12. Some have suggested to me calling it ‘active-belief’ instead. But, that would imply that you always have to believe the content. But, as we shall see when we discuss the third of my theses, this isn’t always the case, even though it often it. ‘Seeing-as’ has also been suggested to me, by Brent Kyle. Just as in the famous optical illusion you can see one picture either ‘as’ an old woman, or, ‘as’ a young woman, perhaps my attitude of make-believe is just inviting you to see the world ‘as’ being a certain way. But, ‘make-believe’ still seems a more appropriate description. It’s not just seeing the world in a certain way, but it’s also about experiencing your place in that world in a certain way.

  13. For an example of philosophers who still think that all knowledge is propositional, see Jason Stanley and Timothy Williamson (2001).

  14. This thought experiment wasn’t explicitly designed to bring about this conclusion in the realm of epistemology. Jackson’s real aim was to raise a question mark over the theory of physical reductionism in the philosophy of Mind, though the thought experiment is often deployed by others for the purposes that I have used it for here. For a current survey of the philosophical discussion over this thought experiment, cf. Peter Ludlow (2004).

  15. Stump (2010, pp. 69–71) points out a number of relatively crude philosophical errors made by scientists who are trying to describe these findings.

  16. Ramachandran and Oberman (2006).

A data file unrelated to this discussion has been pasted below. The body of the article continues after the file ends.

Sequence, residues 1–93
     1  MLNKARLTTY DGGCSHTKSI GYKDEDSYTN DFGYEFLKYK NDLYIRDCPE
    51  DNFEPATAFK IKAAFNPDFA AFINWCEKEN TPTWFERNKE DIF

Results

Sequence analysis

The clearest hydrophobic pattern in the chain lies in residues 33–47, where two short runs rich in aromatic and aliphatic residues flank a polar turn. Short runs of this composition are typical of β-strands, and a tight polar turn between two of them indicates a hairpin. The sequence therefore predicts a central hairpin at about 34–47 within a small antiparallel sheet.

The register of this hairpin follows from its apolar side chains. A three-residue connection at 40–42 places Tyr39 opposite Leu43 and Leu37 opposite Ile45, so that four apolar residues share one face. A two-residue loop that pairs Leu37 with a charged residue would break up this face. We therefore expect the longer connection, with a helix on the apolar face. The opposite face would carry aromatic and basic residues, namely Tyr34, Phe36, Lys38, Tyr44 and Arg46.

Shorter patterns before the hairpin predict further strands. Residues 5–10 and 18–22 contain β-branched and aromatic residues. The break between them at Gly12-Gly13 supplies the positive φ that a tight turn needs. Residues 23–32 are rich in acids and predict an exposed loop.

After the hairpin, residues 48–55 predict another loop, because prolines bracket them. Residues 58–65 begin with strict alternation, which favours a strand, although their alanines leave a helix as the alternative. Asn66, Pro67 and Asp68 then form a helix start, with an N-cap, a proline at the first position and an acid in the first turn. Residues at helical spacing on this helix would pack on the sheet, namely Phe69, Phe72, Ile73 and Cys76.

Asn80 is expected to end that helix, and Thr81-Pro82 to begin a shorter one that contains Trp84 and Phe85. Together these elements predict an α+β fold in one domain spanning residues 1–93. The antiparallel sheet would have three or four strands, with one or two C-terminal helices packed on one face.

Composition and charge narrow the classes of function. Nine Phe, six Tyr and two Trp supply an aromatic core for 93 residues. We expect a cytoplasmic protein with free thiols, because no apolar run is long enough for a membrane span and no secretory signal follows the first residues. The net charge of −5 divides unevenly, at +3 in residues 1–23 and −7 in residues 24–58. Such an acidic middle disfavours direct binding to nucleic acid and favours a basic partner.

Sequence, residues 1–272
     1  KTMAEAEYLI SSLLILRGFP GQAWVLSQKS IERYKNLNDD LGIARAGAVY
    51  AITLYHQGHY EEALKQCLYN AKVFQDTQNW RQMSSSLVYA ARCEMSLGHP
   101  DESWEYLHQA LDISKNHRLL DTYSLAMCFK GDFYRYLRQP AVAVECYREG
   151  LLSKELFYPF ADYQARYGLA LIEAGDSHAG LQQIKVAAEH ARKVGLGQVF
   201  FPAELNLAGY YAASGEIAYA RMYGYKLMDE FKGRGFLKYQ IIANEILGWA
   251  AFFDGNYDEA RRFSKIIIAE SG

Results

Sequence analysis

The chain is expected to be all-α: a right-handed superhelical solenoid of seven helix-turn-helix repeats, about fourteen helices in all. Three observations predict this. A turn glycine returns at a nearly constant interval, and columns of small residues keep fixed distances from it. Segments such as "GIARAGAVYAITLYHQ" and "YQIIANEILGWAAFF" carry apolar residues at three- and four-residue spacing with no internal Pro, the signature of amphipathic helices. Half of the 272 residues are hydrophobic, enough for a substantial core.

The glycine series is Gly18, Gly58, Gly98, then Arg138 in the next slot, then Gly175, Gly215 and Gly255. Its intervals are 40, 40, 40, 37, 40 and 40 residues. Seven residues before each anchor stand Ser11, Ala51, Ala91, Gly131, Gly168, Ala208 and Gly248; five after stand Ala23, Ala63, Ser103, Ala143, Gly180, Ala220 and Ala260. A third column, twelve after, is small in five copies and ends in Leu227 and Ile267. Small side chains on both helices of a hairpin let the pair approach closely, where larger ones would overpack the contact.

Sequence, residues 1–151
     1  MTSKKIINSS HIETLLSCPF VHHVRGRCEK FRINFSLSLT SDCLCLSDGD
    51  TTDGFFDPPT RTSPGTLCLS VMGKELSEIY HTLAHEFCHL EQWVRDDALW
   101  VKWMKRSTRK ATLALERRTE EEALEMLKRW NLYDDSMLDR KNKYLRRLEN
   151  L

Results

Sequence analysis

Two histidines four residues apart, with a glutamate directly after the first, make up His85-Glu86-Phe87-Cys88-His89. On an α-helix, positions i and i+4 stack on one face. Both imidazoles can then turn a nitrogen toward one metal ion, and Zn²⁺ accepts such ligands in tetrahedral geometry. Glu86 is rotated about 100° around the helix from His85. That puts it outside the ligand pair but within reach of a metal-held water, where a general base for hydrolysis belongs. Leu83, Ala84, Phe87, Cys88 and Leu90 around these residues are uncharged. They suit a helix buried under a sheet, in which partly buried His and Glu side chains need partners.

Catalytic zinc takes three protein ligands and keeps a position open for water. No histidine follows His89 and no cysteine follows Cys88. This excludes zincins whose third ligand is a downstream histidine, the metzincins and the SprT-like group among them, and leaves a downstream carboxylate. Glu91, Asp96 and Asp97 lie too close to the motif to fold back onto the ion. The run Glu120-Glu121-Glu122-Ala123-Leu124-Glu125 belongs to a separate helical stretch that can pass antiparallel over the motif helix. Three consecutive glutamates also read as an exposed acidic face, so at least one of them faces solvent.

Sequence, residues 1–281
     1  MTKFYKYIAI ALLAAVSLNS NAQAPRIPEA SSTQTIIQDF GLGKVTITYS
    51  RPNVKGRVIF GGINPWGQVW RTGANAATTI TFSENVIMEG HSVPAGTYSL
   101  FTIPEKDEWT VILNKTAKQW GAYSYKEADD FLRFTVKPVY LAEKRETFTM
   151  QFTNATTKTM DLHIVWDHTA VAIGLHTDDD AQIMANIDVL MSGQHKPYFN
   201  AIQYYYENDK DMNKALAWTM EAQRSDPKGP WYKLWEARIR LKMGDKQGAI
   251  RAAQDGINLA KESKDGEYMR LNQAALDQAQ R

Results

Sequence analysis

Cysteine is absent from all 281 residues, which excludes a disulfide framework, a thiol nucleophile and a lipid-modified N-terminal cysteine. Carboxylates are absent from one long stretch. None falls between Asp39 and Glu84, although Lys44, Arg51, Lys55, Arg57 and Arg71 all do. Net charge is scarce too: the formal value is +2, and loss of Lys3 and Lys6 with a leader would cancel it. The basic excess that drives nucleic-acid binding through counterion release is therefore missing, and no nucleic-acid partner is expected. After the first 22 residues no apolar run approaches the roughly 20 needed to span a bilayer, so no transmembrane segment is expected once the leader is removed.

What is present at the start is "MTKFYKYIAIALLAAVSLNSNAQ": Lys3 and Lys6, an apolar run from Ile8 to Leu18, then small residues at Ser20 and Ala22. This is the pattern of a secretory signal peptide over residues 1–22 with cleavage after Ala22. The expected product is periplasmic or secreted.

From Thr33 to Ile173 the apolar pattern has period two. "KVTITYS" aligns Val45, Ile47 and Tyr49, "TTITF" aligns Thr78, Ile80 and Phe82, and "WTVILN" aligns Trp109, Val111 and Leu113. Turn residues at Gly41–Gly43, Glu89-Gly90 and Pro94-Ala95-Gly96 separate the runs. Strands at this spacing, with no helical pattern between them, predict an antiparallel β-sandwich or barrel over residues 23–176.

17. Shir Hashirm Raba (1:8).

  18. This word is used with this meaning in Mishna Avot 1:15.

  19. This word is used with this meaning in Tractate Sofrim 16:7.

  20. This word is used with this meaning in Bereshit Rabba 91:1.

  21. I first heard of this distinction between hope and optimism from Lord Jonathan Sacks, the Chief Rabbi Emeritus of the UK.

  22. See, especially, the classical Hebrew commentaries on the Laws of Repentence 3:2.

  23. For more on Ramachandran’s work on phantom limbs, see Ramachandran and Blakeslee (1999).

  24. The book that contains the text and the liturgy for the Seder Night, the first night of Passover.

  25. This sentence was first written while Mohamed Morsi was still in power, and he didn’t last long!

  26. A move perhaps most famously associated with Yeshayahu Leibowitz (1995).


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This paper was born of a talk that I was invited to give at the David Cardozo Academy. I am grateful to Rabbi Nathan Lopez Cardozo, to Yael Unterman, and to the members of the public who were in attendance. Many of these ideas grew to maturity through discussion with members of the Association for the Philosophy of Judaism ( I am ever so grateful to my dear friends, and partners in creating and running that association, Dani Rabinowitz and Aaron Segal. I must also express my thanks to Eleonore Stump and Howard Wettstein for their mentorship and inspiration; to my other mentors Dean Zimmerman and Mike Rota for helping me to realise, at their summer seminar at the University of St. Thomas, that I could write on the philosophy of religion; to my many Rabbis, and finally, to my students in Midrash at Har Etzion Rabbinical Seminary (2012–2013).

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Correspondence to Samuel Lebens.

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Lebens, S. The epistemology of religiosity: an Orthodox Jewish perspective. Int J Philos Relig 74, 315–332 (2013).

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  • Judaism
  • Religiosity
  • Make-belief
  • Midrash
  • Epistemology